Review of the year 2017: May
- Credit: 0T8+n0OndKm+ivfFboSD1t4YGMPHnhb8
The family of Stevenage dad Scott Everett, who was diagnosed with motor neurone disease, launched an appeal in May to raise £30,000 for stem cell treatment in a bid to buy him some time to see his young daughters grow up.
The 46-year-old has progressive bulbar palsy – which affects speech and swallowing before spreading to the rest of the body.
The appeal was successful and Scott has since undergone the medical treatment in Moscow, which has led to a slight improvement in his symptoms.
May also saw a fire break out in a flat above the Three Tuns pub in Ashwell, threatening to destroy the Grade-II listed building.
Fire crews from across Hertfordshire tackled the blaze and the historic building was saved.
You may also want to watch:
The fire is believed to have been caused by an electrical fault and was accidental.
A global cyber attack which crippled the NHS left staff at Lister Hospital in Stevenage unable to treat some A&E patients, forcing ambulances to divert to other hospitals.
- 1 Stevenage's annual fireworks display returns on Bonfire Night - November 5
- 2 Closure order granted after drug-related crime and anti-social behaviour
- 3 Multiple cars involved in A1(M) collision
- 4 Victim kicked repeatedly in Hitchin early hours attack
- 5 Box Wood: 42 acres of ancient woodland sold at auction
- 6 5 of the best pumpkin picking locations in Hertfordshire
- 7 Surprise signing Adam Smith happy to get back into training and playing with Stevenage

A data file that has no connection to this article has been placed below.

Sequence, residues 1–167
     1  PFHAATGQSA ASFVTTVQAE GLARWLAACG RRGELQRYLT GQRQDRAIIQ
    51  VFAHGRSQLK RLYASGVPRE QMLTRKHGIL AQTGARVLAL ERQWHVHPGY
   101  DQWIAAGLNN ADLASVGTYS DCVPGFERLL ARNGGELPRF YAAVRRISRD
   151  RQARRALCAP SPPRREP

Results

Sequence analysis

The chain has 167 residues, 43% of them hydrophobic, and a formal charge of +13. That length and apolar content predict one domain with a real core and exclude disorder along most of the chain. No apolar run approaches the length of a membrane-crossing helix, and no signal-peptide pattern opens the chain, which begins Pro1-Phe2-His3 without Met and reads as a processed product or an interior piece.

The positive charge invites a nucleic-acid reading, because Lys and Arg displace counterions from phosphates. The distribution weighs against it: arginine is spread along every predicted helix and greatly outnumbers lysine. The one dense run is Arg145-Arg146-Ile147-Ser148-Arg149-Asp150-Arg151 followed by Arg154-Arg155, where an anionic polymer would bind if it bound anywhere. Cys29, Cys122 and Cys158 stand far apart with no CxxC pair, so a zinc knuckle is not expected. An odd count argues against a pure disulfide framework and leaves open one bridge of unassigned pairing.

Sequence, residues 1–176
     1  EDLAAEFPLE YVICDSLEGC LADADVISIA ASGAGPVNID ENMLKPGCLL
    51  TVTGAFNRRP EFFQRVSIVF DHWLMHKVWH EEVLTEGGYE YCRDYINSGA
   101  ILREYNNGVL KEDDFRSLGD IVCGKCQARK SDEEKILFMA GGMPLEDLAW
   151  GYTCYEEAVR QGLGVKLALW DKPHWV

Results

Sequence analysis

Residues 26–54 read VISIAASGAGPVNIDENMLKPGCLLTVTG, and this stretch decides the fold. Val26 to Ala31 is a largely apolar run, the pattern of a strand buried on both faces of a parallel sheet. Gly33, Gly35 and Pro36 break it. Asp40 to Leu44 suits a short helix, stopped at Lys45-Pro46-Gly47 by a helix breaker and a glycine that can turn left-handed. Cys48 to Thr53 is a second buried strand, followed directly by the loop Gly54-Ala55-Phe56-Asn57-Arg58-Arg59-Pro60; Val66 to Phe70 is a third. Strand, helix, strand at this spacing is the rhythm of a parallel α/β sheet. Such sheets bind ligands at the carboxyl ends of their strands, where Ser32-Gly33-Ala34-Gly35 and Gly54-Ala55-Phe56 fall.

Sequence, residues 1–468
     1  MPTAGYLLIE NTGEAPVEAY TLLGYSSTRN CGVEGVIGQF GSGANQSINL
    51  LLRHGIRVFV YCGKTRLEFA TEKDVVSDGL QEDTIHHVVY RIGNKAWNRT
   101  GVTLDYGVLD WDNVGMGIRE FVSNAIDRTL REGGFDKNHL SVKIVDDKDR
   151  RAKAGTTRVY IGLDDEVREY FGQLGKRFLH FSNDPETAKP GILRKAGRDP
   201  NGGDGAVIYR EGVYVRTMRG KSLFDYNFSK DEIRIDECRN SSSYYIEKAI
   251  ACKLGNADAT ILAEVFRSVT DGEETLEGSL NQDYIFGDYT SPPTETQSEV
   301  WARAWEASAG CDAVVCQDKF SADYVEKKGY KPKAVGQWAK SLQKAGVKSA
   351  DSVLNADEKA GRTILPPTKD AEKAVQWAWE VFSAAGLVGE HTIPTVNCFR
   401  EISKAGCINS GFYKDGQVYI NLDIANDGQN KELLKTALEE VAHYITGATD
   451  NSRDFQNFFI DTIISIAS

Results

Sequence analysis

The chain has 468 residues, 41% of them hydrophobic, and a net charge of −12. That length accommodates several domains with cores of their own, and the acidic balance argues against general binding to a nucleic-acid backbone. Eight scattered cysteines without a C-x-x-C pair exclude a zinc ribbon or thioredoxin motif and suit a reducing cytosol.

- 8 Man sentenced for string of sexual offences in Stevenage
- 9 Resident with disabilities 'embarrassed' after council disposes of wheelchair
- 10 Knebworth's Jamie Rutherford lands Tour Championship with dramatic final round
Computer hackers had released worldwide the virus WannaCry, which encrypts data on infected computers and demands a ransom payment to allow users access.
The East and North Herts NHS Trust, which runs Lister, was one of more than 80 NHS Trusts in England to be infected by WannaCry, as well as 595 GP practices.
The cyber attack could have caused more disruption if it had not been stopped by a cyber researcher activating a ‘kill switch’ so WannaCry stopped locking devices.
It was the end of an era in Letchworth, as a weekly egg-and-chip lunch for the community was served for the last time.
Pauline Worland had been running the Cheap as Chips service at Brotherhood Hall in Gernon Road every Thursday for about 11 years, during which time it had provided a tasty service while also raising funds for town causes but, at the age of 74, Pauline felt it was time to call it a day.
The not-for-profit concern provided meals for £2.80 each – free for the homeless – and for many regulars who lived alone it was their social lifeline.
Any profits were ploughed back into the community through various causes.
May also saw heroes from across our area recognised for their efforts in the annual Comet Community Awards, which included a special presentation to the family of Sherma Batson – the former Stevenage mayor who died suddenly in January.